TBR Index Of Leading Economic Indicators Advances; Eight Sectors Gain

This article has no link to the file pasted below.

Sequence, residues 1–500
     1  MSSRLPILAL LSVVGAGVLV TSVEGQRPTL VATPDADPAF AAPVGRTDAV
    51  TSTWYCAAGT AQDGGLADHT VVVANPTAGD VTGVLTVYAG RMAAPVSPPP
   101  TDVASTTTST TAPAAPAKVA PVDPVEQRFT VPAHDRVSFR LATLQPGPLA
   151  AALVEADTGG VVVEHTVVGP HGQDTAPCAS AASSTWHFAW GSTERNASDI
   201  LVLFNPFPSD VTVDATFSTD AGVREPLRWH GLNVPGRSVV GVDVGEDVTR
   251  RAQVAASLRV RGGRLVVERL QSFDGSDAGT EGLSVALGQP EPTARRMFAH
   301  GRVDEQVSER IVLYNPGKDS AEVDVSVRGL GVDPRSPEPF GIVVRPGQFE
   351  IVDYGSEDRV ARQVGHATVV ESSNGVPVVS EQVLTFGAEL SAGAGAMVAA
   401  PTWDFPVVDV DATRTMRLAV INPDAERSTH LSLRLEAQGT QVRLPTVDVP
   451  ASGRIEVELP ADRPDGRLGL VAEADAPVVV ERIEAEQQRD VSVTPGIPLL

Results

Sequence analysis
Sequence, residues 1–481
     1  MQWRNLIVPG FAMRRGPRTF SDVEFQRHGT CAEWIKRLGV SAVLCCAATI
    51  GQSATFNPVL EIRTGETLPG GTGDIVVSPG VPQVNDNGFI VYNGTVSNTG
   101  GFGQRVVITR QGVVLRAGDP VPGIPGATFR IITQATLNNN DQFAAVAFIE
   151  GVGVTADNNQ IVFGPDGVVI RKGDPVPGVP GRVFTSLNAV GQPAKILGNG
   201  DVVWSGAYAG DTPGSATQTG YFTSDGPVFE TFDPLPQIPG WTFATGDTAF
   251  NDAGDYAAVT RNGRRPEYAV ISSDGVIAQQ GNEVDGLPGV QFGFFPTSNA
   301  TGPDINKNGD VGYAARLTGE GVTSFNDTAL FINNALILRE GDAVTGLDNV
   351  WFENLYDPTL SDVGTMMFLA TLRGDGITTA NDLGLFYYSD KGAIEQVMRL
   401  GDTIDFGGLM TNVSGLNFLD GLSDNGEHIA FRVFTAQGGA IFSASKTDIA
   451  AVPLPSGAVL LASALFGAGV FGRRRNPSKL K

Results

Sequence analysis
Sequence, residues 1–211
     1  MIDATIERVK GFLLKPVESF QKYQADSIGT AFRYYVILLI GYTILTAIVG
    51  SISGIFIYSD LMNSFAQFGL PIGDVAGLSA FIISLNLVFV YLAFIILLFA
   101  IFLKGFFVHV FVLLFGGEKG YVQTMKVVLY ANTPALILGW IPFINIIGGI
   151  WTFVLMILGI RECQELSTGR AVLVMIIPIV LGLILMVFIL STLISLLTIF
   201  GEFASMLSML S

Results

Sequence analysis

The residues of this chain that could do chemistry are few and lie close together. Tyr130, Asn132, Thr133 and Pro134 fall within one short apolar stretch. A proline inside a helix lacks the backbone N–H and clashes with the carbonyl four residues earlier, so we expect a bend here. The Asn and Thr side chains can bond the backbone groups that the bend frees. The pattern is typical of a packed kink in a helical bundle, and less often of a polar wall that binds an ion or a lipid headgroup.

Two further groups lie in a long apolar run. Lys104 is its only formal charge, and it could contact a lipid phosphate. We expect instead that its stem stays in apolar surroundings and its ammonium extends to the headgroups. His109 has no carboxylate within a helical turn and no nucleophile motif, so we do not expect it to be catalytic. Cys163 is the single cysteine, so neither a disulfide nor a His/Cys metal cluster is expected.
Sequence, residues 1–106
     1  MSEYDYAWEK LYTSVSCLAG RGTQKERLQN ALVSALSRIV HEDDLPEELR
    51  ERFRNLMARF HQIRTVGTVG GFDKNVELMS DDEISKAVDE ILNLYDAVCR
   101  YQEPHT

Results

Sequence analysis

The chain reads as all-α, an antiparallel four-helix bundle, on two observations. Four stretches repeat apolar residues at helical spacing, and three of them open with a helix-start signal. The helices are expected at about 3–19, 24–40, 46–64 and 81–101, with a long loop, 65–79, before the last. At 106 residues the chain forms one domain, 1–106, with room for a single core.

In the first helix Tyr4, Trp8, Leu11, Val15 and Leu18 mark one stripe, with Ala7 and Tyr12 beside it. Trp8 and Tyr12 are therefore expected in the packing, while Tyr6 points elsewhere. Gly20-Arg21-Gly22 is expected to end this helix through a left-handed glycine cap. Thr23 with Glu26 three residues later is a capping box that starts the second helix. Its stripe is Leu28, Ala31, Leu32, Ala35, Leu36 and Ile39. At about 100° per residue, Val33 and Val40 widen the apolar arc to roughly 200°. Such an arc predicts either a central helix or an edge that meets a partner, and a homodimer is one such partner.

New York? The Travel Business Roundtable Index of Leading Economic Indicators increased at a 0.5% seasonally adjusted rate in April, the fourth consecutive monthly increase of 0.5% or more. In contrast, the U.S. Index of Leading Economic Indicators decreased at a 0.1% rate in April. ?The consistent performance in industry employment is impressive,? said Dr. James Howell, chief economist of the Travel Business Rountable and creator of the TBR index. ?Not only is the travel and tourism industry growing rapidly, but it is also a significant contributor to job growth in the economy,? Howell said. The TBR Index?s strong rate of increase was broadly-based with increases occurring in eight of the nine sectors that comprise the TBR Index. These include: Airlines Reporting Corp. total sales; hotel/motel occupancy rate; consumer confidence; personal consumption expenditures for travel and related services; Air Transport Association revenue passenger miles; rental car price per day; travel/tourism employment; and retail sales at eating and drinking establishments. Of particular note, according to Howell, is that travel and tourism employment has posted solid gains in each of the last 13 months. The only decline in April was the hotel/motel revenue index, which Howell said has been a strong contributor to the growth of the industry and should increase in the months ahead. Industry?s Impact On Economy Initiated in 1997, the TBR Index calls attention to the economic importance of the travel and tourism industry and its impact on the U.S. economy. While individual sectors of the travel and tourism industry collect and publish information on individual performance, the TBR Index describes the aggregate impact of the industry on the economy. The TBR Index is released every month in conjunction with the U.S. Index of Leading Economic Indicators. The Index is listed on the American Stock Exchange. The Travel Business Roundtable was launched in 1995 to educate legislative leaders on the national and state level of the importance of the travel and tourism industry to the U.S. economy.

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